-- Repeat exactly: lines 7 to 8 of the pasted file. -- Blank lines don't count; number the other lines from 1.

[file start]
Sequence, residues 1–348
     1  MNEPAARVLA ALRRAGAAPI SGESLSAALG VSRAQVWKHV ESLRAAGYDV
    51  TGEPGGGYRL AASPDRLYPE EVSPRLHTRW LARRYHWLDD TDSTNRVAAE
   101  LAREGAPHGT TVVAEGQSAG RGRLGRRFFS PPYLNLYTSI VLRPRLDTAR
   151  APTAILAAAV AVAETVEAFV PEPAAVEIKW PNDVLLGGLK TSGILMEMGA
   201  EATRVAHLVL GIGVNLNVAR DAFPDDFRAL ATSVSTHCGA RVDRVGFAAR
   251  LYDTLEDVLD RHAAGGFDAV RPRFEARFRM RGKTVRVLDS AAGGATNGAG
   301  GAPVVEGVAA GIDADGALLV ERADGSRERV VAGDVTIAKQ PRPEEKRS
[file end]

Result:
   251  LYDTLEDVLD RHAAGGFDAV RPRFEARFRM RGKTVRVLDS AAGGATNGAG
   301  GAPVVEGVAA GIDADGALLV ERADGSRERV VAGDVTIAKQ PRPEEKRS